TLC Your Way to a Healthy Heart
Did you know that heart disease is the #1 cause of death in the United States? Almost a third of the population has some form of cardiovascular disease, costing the U.S. Healthcare System a staggering $273 billion every year. There are some risk factors for heart disease you can’t change, such as your family history or your age, but there are quite a few that you DO have control over, including the foods you eat and how much physical activity you get. Combining a heart healthy eating plan with mild to moderate exercise is a great way to feel more energetic while protecting your heart.
Therapeutic Lifestyle Changes:
For those already diagnosed with heart disease or those with a high risk of developing heart disease, doctors and registered dietitian nutritionists recommend the Therapeutic Lifestyle Changes (TLC) plan to help lower their risk. The basic recommendations that come along with the TLC are easy to implement and are a good place to start for anyone trying to decrease their risk of heart disease. The TLC plan has two main components which, when combined, provide the highest protective qualities.
o At least half of your daily intake should come from whole grains and cereals. Look for breads with whole wheat flour as the first ingredient. There has been a recent popularity in “ancient grains”, such as einkorn, spelt, or farro, which can be found in specialty food stores and can serve as the base for pilafs and grain salads. Increased intake in whole grains such as oatmeal and barley increase your intake of soluble fiber, which research has shown can reduce blood cholesterol levels.
o Aim for 3 – 5 servings of vegetables and 2 – 4 servings of fruit every day. Vegetables and fruits contain compounds which offer a variety of health protecting qualities, along with insoluble and soluble fiber to make you feel fuller longer while protecting your heart.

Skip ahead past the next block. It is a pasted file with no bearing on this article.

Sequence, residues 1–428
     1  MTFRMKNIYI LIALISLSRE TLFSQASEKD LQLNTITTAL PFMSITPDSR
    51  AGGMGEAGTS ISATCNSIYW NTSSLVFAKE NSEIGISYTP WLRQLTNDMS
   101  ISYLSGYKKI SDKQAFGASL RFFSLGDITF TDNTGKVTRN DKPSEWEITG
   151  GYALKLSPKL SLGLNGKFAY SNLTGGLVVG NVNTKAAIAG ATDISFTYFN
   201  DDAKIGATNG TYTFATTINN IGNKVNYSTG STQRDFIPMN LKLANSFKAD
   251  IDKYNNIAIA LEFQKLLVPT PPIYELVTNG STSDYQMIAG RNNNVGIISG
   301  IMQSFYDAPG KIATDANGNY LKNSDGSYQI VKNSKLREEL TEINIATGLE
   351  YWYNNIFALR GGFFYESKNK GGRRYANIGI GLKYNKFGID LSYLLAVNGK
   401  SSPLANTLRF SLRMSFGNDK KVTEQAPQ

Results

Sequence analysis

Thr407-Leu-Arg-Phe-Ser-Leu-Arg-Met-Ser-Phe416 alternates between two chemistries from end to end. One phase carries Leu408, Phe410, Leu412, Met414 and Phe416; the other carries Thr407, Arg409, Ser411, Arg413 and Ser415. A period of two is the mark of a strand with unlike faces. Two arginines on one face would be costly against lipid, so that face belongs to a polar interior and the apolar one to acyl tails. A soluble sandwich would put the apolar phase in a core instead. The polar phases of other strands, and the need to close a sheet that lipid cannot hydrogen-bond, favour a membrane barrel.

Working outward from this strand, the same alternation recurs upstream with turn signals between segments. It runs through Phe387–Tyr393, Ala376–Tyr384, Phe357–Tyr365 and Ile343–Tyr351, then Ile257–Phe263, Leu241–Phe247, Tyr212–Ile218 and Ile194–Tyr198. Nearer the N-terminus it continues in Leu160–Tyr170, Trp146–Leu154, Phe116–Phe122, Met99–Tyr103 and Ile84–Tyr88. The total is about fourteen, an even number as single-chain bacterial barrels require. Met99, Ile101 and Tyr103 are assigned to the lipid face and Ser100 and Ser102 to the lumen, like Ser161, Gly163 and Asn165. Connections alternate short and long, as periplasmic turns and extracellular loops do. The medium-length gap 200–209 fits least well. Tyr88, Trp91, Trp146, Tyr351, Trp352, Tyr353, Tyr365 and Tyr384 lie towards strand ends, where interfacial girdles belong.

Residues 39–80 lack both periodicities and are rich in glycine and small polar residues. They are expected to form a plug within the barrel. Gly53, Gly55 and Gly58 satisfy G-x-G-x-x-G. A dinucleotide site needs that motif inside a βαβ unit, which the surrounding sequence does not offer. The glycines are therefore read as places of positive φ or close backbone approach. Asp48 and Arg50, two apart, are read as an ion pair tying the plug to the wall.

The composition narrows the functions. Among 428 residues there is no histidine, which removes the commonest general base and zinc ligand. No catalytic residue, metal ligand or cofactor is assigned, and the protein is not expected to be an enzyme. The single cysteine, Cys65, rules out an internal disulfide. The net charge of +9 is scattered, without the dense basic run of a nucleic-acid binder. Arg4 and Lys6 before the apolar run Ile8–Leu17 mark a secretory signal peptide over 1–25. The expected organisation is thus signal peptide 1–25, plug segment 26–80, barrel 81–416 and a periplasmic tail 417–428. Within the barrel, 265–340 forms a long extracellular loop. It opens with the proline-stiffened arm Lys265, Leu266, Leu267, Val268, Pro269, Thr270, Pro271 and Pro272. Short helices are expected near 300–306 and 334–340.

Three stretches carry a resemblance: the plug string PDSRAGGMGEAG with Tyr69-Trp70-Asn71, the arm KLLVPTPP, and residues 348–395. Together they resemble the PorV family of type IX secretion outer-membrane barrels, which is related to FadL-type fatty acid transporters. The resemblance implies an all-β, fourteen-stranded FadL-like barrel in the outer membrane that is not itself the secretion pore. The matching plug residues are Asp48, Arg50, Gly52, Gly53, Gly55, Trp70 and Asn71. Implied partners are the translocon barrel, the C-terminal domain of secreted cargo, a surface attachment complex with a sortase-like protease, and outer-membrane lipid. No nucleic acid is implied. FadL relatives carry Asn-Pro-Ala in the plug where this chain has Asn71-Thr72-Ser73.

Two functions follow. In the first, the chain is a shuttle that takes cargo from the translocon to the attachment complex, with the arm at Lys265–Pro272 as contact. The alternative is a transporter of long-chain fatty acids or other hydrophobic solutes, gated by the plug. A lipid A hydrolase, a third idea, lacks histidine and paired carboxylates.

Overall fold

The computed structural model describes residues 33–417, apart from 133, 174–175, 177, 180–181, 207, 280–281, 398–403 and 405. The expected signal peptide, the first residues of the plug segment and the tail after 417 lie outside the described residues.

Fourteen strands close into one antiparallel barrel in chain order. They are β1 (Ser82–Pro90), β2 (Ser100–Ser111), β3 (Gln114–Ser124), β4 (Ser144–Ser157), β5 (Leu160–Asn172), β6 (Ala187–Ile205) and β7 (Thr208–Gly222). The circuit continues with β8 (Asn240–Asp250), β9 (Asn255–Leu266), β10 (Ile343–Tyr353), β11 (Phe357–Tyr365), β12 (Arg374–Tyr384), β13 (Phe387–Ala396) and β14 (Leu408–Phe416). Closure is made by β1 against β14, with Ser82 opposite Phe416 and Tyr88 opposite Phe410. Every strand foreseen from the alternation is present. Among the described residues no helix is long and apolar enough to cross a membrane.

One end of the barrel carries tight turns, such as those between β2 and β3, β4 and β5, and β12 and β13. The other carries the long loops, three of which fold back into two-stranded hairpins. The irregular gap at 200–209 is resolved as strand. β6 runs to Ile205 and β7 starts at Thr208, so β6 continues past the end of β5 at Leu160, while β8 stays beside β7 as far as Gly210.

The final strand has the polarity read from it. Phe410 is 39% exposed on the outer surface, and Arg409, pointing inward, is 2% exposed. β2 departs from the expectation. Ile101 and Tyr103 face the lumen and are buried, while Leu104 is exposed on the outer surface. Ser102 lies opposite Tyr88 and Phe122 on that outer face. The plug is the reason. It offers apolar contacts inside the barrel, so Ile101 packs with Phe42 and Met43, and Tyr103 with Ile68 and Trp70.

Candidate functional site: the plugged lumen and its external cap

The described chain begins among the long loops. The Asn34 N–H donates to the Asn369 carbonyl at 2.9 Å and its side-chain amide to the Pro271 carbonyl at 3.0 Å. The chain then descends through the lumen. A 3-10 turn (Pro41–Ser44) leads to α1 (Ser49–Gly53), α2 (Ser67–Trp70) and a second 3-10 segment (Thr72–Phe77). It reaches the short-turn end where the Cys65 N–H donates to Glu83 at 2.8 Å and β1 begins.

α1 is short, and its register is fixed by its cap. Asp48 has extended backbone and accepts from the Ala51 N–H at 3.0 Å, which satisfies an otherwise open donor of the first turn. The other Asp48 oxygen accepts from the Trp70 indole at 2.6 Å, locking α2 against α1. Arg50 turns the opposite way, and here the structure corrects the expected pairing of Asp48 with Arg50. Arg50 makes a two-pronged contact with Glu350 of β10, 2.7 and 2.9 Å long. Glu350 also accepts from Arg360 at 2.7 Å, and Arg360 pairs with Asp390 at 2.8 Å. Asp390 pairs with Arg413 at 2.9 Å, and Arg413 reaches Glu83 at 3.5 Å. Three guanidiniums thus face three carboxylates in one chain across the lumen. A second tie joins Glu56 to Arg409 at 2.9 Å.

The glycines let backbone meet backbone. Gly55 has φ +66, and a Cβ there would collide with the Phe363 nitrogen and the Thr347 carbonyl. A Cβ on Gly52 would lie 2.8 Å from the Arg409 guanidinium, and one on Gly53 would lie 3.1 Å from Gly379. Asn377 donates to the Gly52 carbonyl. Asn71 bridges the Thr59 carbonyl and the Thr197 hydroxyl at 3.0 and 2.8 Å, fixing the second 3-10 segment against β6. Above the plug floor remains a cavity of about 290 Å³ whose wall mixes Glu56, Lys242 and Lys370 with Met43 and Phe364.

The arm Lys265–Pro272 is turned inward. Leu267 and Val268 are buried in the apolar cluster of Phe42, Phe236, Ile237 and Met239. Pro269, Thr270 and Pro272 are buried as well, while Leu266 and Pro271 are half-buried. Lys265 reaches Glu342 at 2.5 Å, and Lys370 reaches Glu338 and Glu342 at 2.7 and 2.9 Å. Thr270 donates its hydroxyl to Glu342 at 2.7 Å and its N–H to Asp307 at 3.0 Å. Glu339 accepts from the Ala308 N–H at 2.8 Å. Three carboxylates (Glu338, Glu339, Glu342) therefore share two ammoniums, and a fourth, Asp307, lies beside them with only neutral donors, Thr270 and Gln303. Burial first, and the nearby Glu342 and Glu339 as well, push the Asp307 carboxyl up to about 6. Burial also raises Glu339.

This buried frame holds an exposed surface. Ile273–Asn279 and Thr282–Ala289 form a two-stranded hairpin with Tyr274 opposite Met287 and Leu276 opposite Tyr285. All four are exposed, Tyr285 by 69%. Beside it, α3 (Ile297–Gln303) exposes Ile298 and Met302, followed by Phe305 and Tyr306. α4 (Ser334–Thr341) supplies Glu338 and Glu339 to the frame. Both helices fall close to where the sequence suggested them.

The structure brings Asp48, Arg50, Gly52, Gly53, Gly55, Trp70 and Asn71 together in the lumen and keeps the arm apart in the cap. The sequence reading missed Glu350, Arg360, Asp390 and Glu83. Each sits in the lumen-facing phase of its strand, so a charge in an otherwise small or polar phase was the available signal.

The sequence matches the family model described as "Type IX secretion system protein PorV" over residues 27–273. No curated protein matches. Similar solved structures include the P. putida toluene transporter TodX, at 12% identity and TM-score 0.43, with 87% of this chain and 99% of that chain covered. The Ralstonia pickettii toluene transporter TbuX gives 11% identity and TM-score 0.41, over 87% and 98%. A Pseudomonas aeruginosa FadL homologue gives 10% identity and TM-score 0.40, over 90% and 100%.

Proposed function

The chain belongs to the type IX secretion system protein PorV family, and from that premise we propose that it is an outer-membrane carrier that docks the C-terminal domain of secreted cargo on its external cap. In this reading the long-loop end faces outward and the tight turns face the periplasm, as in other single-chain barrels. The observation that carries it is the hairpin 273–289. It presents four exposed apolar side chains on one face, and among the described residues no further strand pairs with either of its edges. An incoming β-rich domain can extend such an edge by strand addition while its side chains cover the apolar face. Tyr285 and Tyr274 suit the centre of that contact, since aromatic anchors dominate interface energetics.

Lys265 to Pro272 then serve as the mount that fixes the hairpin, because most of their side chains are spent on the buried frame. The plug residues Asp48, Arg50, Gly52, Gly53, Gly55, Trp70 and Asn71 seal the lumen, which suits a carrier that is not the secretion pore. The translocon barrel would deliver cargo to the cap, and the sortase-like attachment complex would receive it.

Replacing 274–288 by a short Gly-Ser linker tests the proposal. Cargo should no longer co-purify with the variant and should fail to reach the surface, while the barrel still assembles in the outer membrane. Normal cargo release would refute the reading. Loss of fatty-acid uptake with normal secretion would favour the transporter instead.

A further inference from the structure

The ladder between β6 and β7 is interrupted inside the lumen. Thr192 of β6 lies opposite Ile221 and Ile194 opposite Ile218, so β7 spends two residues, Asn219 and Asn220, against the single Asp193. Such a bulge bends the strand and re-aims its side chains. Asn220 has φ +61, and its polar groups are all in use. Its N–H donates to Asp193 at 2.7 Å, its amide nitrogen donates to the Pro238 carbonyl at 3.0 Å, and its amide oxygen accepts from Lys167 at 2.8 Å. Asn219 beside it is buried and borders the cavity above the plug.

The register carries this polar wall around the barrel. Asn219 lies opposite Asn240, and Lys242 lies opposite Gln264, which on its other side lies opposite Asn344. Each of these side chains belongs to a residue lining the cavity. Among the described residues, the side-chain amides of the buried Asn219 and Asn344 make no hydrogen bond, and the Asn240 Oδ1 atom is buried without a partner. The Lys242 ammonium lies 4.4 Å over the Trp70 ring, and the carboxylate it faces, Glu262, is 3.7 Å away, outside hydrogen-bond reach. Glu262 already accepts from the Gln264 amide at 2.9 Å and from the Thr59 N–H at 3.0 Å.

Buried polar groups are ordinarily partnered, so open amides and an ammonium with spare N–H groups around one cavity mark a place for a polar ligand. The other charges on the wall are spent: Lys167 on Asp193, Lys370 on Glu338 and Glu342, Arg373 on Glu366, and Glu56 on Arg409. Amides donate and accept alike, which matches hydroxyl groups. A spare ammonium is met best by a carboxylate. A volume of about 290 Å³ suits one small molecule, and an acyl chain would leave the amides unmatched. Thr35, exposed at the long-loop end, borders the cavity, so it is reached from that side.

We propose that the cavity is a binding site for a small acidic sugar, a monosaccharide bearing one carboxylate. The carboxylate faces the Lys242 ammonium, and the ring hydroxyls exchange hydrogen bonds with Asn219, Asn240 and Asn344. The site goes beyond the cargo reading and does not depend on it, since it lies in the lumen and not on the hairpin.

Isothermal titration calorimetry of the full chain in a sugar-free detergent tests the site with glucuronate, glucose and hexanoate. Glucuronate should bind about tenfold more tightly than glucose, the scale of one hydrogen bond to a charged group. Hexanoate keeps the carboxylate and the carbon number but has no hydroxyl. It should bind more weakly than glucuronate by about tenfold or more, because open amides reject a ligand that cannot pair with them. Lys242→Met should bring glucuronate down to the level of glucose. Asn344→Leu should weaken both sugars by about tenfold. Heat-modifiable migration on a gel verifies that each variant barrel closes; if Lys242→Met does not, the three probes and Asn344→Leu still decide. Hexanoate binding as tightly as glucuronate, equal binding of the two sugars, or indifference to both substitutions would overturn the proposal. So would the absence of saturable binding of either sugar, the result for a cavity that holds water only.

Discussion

o Choose proteins which are naturally low in saturated fat. Lean cuts of meat, such as tenderloin, have little saturated fat. Legumes, such as lentil and chick peas, are fiber and nutrient-rich meatless choices with no saturated fat. Oily fish, such as salmon and tuna, have additional cardioprotective qualities in providing anti-inflammatory omega-3 fatty acids.
o Exercise doesn’t have to be exhaustive to be good for you. Find a physical activity you enjoy and try to get involved for 30 minutes a day, 3 – 4 days a week. Start small if you can’t fit it all in at once; two 15 minutes sessions in a day is just as good as one 30 minute session.
o Spend less time in (and on) your seat. Being sedentary for most hours of the day is a risk factor for cardiovascular disease. Set a timer to get up every 30 or 60 minutes and take a lap around the building or even your living room. Every little bit helps.
o Make physical activity part of your daily routine. One small step leads to more and more, eventually taking you wherever you want to go. Park your car at the far end of the parking lot, take the stairs instead of the elevator even just for a floor or two, or get outside and pull weeds or rake leaves.
Just a few minor changes can have a huge impact on the health of your heart. Pick one or two new things a week to try, such as a recipe with a new vegetable or grain and taking a lunch lap around the parking lot at work. Small changes have a big impact over time, so start giving your heart a little TLC.
Source by Bonnie R Giller